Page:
One Monk of the Order of Saint Benedict

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The Word of God and the Body of God reveal each other -- the homily worships both.

April 23, 2008

For Wednesday of the Fifth Week of Easter

John 15:1-8
Acts 15:1-6

The Word of the Lord in the first reading today recalls the question in the first days of the Church about God’s ancient law of circumcision for the men of his Chosen People.
Peter, Paul, and all the apostles met, talked about it, and decided circumcision of the male body was not part of the New and Everlasting Covenant of the Lord Jesus Christ.
However, the Lord’s Gospel today is about a different kind of cutting that is always necessary— and not just for males.
Today Christ says his word or teachings are his Father’s tools for cutting out of our lives whatever is unclean, weak, ungenerous, and unfruitful.
This spiritual pruning, or spiritual circumcision, is for the sake of spiritual LIFE and spiritual GROWTH.
Right after today’s words, the Lord goes on to tell the reason and goal of spiritual circumcision.
I have told you this so that MY JOY
may be IN YOU,
might be COMPLETE.

A grapevine that never receives guidance, direction, correction, and training by cutting or pruning just grows wild.
It will not be as strong and fruitful as a wisely pruned one.
The wild vine can have lots of stems and leaves, but fewer grapes and smaller ones than a vine that has been pruned to train its growth.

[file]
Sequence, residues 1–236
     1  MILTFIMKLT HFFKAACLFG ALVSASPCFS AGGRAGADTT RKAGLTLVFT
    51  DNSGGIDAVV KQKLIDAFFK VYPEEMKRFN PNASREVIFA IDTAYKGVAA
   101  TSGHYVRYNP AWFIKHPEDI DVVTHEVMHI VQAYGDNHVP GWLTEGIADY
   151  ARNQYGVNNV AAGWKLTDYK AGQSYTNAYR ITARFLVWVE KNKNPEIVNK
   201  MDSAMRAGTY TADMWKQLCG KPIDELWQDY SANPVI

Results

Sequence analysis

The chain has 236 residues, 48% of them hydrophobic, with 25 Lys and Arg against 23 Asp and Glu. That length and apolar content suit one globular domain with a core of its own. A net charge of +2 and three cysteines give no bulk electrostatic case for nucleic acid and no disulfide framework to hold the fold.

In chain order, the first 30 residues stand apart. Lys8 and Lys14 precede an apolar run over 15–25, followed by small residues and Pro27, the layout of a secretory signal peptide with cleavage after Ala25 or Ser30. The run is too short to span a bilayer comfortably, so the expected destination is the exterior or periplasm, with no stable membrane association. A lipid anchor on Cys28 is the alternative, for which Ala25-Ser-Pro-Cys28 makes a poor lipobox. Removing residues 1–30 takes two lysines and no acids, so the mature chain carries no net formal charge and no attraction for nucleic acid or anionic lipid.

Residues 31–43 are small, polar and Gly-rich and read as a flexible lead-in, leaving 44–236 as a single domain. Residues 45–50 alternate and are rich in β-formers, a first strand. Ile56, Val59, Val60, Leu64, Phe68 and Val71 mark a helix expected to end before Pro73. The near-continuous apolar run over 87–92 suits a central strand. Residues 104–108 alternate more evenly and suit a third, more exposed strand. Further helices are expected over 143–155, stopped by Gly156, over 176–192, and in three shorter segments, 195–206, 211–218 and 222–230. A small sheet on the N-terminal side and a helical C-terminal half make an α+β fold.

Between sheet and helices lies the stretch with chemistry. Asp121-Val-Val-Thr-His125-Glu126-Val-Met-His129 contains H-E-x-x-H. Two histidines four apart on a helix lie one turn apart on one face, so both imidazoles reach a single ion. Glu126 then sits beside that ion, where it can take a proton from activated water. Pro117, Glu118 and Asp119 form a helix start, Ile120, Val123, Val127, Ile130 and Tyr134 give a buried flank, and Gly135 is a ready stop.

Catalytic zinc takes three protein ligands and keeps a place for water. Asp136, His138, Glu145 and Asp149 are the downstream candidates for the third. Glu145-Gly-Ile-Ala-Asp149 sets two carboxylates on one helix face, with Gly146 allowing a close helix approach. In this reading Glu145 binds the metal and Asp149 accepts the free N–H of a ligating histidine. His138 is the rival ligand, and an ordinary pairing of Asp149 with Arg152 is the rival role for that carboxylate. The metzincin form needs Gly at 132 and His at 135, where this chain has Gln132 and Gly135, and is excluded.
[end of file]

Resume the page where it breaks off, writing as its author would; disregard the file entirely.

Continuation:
The Father’s tool for trimming and shaping us is the teaching of Christ.
If you remain in me
and my words remain in you....

By this is my Father glorified,
that you bear much fruit
and become my disciples.

If we have never felt the Gospel cutting us, perhaps we have not been listening honestly.
The Lord accepts us as we are, but then he gets to work cutting us, pruning us, for growth, for fruitfulness, and for joy.
If we do listen honestly to the Gospel, perhaps we feel that it goes beyond our natural strengths.
The Lord knows it, so he says today:
If... my words remain in you,
ask for whatever you want
and it will be done for you.
By this is my Father GLORIFIED,
that you bear much fruit
and become my disciples.

The fruit we are to bear is God’s glory and joy shining from our human weakness.
Remember: on the joyful day of his resurrection glory, the signs he gave to confirm his identity were signs of weakness and brokenness.
The Risen One in Emmaus showed who he was through BROKEN bread.
Later that day, the Glorified One proved who he was by showing the WOUNDS in his hands, feet, and side.
We, his disciples, need to let his word cut into our lives and expect fruit from us.
After all, here in the Eucharist, we expect the Lord to allow us to bite into his life and swallow it.
In his Eucharist, the Lord’s Risen Body is really present as broken for us, and his Living Blood is really present as poured out for us.
Wounded in giving glory to his Father, wounded by forgiving our sins, wounded in serving the good of mankind— wounded, yet risen, alive, victorious, full of glory and joy!
If we never let the word of Christ cut us, then in the end we shall not bear and know the fruit of everlasting joy and glory.
If we welcome the cutting, then we may also dare to ask— as Christ tells us to ask— to be marked forever by the glory and joy of God.

That God Be Glorified in All


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